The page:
There are many questions to consider when a loved one passes away, but one of the first steps in the funeral planning process is figuring out what types of services you’ll have. But before you can choose your ceremonies, you need to know what they are. Let’s take a look at your many options for celebrating and honoring your loved one.
What types of funeral services can we have?
One of the most common types of funeral service, a traditional funeral, often begins at a funeral home. Your loved one will have been taken care of by the funeral home staff while you work with the funeral director to ensure that the service is befitting of your loved one. On the day of the funeral, family, friends, and other members of the community gather to offer their condolences to the loved one’s surviving family. From there, the funeral celebrant, who may be a religious figure, leads the ceremony. Often, a close friend or family member will give a eulogy, and sometimes, more speeches may be made. The funeral celebrant may lead the funeral-goers in prayer, or certain songs may be sung in honor of the decedent.
A traditional funeral can also occur at a church, synagogue, or other religious location, especially if the decedent was devout in life or if the funeral home does not have a chapel large enough to hold the expected number of funeral-goers. A traditional funeral in a religious building often contains more of a religious service, such as a pastor leading the congregation in prayers or hymns or employing additional customs tied to that specific faith.
Most often, a casket or urn will be present at a traditional funeral containing the loved one. Depending on the family’s wishes, a casket can be open or closed. When a loved one’s final disposition is cremation, the family may choose to hold the cremation either before or after the funeral. Having the decedent cremated after the funeral allows for them to be present for the ceremony, giving family and friends the chance to see them one final time before cremation. Once the ceremony has concluded, a hearse can transport the casket or urn to a gravesite for burial.
If the loved one is to be buried, funeral-goers may follow the hearse in a funeral procession to the gravesite. Before the casket or urn is buried or interred, the funeral celebrant may lead another service known as the committal service, as your loved one will be committed back to the earth. Some families prefer to forgo the traditional funeral and simply have a committal service, which is often very short and less elaborate than a traditional funeral. In this case, family and friends will gather directly at the cemetery, where a funeral celebrant will say a few words, lead a prayer, or read a poem, depending on the family's wishes.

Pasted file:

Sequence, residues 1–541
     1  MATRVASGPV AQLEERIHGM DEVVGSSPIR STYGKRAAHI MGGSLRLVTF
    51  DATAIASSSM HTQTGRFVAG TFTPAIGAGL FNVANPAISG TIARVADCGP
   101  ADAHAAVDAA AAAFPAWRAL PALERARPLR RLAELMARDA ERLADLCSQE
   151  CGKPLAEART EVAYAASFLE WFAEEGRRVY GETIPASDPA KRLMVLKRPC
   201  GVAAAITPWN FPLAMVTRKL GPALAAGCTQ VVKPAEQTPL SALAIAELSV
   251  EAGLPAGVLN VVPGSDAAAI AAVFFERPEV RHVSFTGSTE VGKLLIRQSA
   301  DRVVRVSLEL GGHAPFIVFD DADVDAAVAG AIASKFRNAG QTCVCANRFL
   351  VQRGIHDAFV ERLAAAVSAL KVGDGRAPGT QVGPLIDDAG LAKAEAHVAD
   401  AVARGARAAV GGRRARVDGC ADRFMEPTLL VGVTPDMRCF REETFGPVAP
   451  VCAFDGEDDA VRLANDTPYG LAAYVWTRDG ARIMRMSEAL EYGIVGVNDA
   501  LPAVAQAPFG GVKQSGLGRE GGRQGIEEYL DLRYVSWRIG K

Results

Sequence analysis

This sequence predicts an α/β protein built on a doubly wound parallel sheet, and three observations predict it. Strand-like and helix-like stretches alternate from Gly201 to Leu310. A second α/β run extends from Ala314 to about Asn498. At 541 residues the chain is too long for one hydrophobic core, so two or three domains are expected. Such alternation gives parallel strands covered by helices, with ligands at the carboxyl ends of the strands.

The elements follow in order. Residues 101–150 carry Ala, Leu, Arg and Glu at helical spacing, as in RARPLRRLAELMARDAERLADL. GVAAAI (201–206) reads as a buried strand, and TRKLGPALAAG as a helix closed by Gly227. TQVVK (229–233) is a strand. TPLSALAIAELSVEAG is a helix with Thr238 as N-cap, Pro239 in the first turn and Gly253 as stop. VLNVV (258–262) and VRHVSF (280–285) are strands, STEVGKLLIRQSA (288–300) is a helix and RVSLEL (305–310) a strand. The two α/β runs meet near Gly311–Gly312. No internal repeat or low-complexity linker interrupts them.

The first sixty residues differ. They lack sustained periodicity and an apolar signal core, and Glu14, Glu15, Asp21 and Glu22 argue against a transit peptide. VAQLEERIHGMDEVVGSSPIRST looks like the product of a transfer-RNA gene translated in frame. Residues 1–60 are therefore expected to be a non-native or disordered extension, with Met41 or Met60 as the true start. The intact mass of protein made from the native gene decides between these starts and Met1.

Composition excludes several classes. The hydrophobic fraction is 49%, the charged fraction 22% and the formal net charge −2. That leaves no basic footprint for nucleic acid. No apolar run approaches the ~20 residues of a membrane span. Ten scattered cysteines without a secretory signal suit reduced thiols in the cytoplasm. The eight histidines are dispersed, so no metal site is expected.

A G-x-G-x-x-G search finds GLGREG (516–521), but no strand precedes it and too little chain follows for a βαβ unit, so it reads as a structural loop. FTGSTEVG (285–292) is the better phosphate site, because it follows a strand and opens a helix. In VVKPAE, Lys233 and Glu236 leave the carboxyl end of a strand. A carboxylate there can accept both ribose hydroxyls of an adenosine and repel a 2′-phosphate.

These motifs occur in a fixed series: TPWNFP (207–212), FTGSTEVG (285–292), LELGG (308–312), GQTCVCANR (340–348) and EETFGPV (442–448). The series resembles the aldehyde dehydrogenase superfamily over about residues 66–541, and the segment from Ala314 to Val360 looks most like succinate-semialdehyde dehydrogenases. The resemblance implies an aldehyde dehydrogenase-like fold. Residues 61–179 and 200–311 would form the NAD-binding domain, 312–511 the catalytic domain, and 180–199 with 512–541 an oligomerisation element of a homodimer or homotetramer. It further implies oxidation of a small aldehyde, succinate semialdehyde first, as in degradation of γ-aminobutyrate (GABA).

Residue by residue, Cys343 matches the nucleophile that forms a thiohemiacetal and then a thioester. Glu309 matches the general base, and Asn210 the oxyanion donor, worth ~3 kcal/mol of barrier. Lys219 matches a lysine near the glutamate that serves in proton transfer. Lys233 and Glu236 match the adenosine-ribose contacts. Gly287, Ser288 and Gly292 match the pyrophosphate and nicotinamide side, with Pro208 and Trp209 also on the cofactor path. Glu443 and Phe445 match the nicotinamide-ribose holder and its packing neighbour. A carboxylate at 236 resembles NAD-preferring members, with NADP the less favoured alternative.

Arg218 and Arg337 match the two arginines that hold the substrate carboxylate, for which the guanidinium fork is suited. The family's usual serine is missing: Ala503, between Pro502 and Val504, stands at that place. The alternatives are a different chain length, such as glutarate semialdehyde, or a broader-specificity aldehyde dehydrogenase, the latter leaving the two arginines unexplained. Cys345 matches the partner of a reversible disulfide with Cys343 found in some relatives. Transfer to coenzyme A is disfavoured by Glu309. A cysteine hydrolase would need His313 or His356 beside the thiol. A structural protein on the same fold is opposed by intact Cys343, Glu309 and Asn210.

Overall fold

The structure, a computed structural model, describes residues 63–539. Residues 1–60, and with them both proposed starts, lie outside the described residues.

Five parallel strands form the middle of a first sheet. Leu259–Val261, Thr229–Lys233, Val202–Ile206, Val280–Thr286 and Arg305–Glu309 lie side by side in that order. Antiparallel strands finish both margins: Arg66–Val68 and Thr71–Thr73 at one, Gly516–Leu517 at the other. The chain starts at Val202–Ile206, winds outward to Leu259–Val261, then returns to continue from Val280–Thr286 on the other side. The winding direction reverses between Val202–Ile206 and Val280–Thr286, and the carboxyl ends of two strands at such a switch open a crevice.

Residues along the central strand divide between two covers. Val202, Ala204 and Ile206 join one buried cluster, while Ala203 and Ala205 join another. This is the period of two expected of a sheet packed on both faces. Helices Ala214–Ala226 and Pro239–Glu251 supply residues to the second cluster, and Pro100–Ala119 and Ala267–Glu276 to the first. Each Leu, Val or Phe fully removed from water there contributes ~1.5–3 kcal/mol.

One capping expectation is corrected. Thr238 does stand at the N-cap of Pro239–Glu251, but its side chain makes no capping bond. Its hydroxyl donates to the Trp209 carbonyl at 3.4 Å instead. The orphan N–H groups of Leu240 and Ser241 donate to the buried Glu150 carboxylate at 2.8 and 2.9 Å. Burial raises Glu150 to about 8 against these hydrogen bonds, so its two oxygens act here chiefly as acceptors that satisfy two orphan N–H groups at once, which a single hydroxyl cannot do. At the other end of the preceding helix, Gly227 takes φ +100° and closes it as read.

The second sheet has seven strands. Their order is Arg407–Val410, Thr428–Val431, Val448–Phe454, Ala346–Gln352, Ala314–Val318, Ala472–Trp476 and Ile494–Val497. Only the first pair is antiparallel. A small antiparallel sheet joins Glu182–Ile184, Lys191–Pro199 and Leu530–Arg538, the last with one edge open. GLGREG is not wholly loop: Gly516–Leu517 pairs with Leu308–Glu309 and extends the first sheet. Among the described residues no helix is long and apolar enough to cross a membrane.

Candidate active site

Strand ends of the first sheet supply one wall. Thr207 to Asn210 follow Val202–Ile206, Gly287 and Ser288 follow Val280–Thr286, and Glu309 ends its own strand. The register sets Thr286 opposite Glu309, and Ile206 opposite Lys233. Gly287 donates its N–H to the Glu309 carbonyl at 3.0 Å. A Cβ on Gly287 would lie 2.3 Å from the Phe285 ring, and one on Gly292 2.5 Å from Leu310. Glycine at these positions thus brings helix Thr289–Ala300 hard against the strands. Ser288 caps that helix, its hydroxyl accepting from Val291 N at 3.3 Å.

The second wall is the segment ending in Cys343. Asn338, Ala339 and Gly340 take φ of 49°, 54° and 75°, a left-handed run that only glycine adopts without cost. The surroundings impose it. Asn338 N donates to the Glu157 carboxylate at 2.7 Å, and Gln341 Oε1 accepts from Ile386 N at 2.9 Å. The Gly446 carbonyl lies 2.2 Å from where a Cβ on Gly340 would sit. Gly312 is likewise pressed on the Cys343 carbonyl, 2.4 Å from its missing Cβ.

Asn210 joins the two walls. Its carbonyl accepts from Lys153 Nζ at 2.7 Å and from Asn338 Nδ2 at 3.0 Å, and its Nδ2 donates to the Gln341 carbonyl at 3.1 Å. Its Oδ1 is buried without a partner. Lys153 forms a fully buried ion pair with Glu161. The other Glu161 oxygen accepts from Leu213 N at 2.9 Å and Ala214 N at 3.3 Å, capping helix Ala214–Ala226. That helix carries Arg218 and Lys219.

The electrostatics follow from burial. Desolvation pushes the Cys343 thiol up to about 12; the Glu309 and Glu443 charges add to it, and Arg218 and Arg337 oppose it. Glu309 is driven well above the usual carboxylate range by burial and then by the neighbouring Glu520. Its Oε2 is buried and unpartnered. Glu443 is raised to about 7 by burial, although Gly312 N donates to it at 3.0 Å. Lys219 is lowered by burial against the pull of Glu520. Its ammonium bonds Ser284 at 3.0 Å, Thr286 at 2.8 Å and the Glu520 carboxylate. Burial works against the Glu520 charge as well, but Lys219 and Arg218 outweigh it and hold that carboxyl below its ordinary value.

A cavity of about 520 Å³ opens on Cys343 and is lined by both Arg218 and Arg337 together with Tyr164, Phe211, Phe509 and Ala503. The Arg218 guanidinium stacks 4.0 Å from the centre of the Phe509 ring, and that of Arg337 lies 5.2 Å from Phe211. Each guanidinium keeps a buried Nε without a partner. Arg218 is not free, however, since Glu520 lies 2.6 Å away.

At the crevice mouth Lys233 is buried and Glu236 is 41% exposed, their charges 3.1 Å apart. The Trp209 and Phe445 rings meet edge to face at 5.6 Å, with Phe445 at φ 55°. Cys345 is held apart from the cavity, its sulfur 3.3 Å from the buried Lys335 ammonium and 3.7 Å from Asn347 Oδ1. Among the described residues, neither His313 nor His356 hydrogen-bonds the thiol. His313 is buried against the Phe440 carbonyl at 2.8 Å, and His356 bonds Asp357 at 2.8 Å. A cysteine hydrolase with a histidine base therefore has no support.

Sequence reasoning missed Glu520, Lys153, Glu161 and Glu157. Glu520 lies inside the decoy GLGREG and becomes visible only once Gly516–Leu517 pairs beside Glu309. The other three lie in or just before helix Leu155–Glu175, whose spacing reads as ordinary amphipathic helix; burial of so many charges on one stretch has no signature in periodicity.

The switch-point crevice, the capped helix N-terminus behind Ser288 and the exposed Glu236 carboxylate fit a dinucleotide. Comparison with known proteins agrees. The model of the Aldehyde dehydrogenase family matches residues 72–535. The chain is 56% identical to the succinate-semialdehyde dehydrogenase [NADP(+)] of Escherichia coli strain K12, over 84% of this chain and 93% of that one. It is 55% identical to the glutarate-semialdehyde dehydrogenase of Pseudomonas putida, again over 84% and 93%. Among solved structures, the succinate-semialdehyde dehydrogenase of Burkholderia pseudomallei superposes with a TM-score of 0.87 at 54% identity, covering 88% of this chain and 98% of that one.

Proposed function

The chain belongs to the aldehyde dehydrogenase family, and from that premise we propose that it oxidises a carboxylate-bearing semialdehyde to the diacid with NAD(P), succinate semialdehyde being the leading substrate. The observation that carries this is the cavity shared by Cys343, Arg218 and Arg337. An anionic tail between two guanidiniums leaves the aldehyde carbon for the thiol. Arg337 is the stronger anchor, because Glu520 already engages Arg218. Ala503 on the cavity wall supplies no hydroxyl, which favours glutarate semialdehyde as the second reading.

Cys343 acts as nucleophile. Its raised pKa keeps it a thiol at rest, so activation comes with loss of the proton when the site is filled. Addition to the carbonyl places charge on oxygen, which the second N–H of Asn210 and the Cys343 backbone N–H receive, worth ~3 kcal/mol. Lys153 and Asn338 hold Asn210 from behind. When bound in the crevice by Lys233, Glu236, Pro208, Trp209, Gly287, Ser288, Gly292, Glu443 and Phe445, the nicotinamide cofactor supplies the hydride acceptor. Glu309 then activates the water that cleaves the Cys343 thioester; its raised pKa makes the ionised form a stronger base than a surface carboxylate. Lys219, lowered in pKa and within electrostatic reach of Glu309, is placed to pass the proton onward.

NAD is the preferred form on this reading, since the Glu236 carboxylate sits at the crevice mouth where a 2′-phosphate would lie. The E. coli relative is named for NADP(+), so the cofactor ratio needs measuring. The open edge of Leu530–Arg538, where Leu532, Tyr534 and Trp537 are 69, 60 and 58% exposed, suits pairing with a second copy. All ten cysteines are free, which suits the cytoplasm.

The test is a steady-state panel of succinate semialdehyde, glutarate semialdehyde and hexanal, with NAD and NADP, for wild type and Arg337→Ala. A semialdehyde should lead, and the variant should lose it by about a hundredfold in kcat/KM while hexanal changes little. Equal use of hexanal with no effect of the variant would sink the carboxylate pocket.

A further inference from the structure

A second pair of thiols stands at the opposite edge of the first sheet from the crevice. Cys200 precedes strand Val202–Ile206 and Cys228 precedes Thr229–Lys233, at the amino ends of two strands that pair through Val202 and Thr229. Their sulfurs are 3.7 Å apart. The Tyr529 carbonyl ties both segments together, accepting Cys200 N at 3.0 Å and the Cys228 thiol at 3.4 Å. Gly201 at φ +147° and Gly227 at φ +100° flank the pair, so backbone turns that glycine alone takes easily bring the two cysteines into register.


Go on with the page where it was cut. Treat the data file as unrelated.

Some families decide to forgo a larger service in favor of a direct burial or direct cremation. With a direct burial, the immediate family is usually present to say their final farewells to their loved one, while additional funeral-goers are not invited to attend. With direct cremation, the family may have a cremation viewing, but ultimately there’s no formal service. Most often, the ashes will be returned to the family, who will decide their final resting place.
What additional services can we have?
In addition to a funeral service, some families opt to host other services that give close friends and family, as well as the greater community, a chance to mourn together. For instance, some families will host a memorial service or celebration of life in addition to a traditional funeral, coming together again once their loved one is in their final resting place. Or they may hold a scattering ceremony if their loved one was cremated. With a scattering ceremony, friends and family join together to watch as their loved one’s cremated remains are spread in a meaningful place, such as at sea or a national park.
But other services can also come before a funeral. A visitation is for families to receive support and condolences from their community. These services are most often held in a funeral home. Generally, the decedent is not present. If they are present, their casket is usually closed. Visitations typically occur in the days leading up to the funeral, where the family will receive guests wishing to pay their respects.
Another service that can come before a funeral is a viewing. For this event, the decedent is present, as the idea is for people to get a chance to say personal goodbyes to their loved one. Viewings are mainly for people who knew the decedent personally, whereas the funeral is a chance for the greater community to say goodbye. Because viewings are meant to be a time to say farewell, they are most often open-casket.
You have many options to celebrate your loved one’s life and honor their memory when they pass, so much so that you may be overwhelmed by your choices. But working with a funeral home ensures you’ll receive guidance on choosing the right ceremonies for your family and your loved one. Funeral home staff are filled with expertise from their years of service supporting families through one of their most difficult times. And they’ll be honored to help you plan a service that’s befitting of your loved one.